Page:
But he and I mostly did not get along personally. He seemed to find me irritating, and I certainly found him so. I once spent an entire convention panel trying to fight off his simplistic belief that "The book is still on the shelf" is a satisfactory response to complaints about a movie adaptation. He once described in my presence a scene from an experimental movie so disgusting that I've never been able to forget it, even though I've never seen the movie. And he was my first encounter with the opinion, among people who hold that a comparison to Hitler is a Go Directly To Jail card that means you've comprehensively lost the argument, that defending the reasonableness of your position by saying "It's not like I compared you to Hitler" counts as a comparison to Hitler. (There have since been others. A couple of times since I've tested it deliberately, because I couldn't believe the response the first time.)

Regardless, his presence enriched the world, which will be a lesser place without it.

Wednesday, October 5, 2016

in memoriam, Kate Yule

Yesterday afternoon many of us lost a spirited friend, a wonderful mind and captivating personality, curious, incisive, intelligent, witty, and an ideal mate for her David. They bore her long illness as a shared burden, together.

As I alluded in an earlier post, I went up to Portland to see them last Monday. Kate's state was grim, but she was hanging in there. I've done my share of vigils by the bedsides of people dying of cancer, and from those experiences I could tell from this, and from the reports David has been posting, that the end was near, though of course I said nothing of the sort, hoping that I was wrong. Even I didn't expect that it was quite this near.

I may have been the last person outside of family and caregivers to see her walk - she could only manage a few steps - or to have an actual conversation with her - a bit abortive in getting words out, but the voice was the same and one could feel the same mind behind it. These finalities are chilling and sad, but also make me even more certain than I was at the time that taking the extra leg on my trip was the right thing to do.

On that occasion I did something I'd been meaning to do for a long time. A few years ago Kate wrote of attending a classical concert with Tchaikovsky's Serenade, and wishing that classical music came with a road map, to tell you what was going on and where you were. I could help with that. I brought along a CD of the Serenade, and we played the first three movements - one at a time, with breaks - as I narrated the events of the music. There wasn't time for the finale, so I promised to send that in written form by e-mail when I got home.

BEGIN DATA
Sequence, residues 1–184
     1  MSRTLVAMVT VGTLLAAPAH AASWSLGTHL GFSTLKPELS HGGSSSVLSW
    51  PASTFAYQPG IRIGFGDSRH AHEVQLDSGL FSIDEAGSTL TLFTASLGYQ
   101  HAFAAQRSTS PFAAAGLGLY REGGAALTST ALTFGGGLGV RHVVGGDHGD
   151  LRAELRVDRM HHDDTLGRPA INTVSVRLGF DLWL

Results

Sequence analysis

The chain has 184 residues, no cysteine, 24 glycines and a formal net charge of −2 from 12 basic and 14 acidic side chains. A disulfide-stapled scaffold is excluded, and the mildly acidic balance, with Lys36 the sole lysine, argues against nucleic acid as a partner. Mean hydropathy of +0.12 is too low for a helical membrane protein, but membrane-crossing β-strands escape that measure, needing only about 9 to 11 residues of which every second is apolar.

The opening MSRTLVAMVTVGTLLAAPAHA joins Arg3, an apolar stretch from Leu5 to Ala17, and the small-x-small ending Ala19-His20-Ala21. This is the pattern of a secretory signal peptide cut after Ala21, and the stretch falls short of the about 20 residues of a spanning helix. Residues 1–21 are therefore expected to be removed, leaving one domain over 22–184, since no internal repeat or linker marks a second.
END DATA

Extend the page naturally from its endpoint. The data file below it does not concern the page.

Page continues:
I did, but I doubt she was able to listen to it. So you can do it for her. Here's the recording I linked to of the finale of this piece she enjoyed, played by my local favorites, the New Century Chamber Orchestra, with my road map to the music.
0.03. Begins with the same high note with which the previous movement ended.

0.12. SLOW INTRODUCTION, theme. This is actually a Russian folk song, a Volga boatmen's song.

0.39. Repeat, now with the theme in cellos, and the violins playing counterpoint on top.

0.52. Here you can start hearing, embedded in the theme, the three falling notes that began the introduction to the first movement. Remember I said at that point that they'd be important later.

1.02. Here, closing off the theme, are those three notes open by themselves.

1.10. Now they're being repeated with smaller, less emphasized notes added between the main notes. What's actually happening here is that the introductory theme is being metamorphized into:

1.30. The MAIN THEME of the movement. This is fast and bouncy, and it includes those three notes in its opening phrase. This is another Russian folk song, so rather than being built out of the three notes, the three notes were actually extracted from it.

1.42. Repeat, louder.

1.52. Repeat in cellos, with the other strings playing pizzicato.

2.02. SECOND THEME, more lyrical. This one is a Tchaikovsky original.

2.20. Since that appeared first in the cellos, this time the repeat is in the violins, with the cellos playing the curlicues underneath.

2.34. Now it's beginning to close off into the coda of the exposition, reintroducing phrases from the main theme.

3.09. DEVELOPMENT section. This is an important part of sonata form that was left out of the first movement. Here bits and pieces of the themes are played around with and varied in different keys. Listen for bits of the second theme being played over bits of the first theme.

3.22. The second theme opening phrase being played over in higher and higher pitches to increase tension. Very typical Tchaikovsky development style.

3.48. Now it mixes the first and second themes together and rises to a climax.

4.27. And it merges into the RECAPITULATION, the return to the original themes.

4.53. Second theme.

5.28. And closing off into the coda, except it's more elaborate this time, because it's the end of the entire movement. Except not quite, because:

6.10. Surprise, the return of the FIRST MOVEMENT INTRODUCTION, original and unaltered.

6.50. But what's it doing now? It's metamorphizing into the main theme of this movement again. Remember how they began with the same notes? So even though they're in different styles, they're really the same theme. And that leads directly to

7.20. The real end of the movement, and of the entire work.

Tuesday, October 4, 2016

concert news and reviews

I wanted to go hear this, but did I buy a ticket? No, I convinced my editor to send me to review it. Heh. This is why I tend not to think of having a forum to express my thoughts as "work."

Meanwhile, I learn that one of my favorite Bay Area venues caught on fire while I was out of town over the weekend. Best wishes to all those who perform there and those who host them.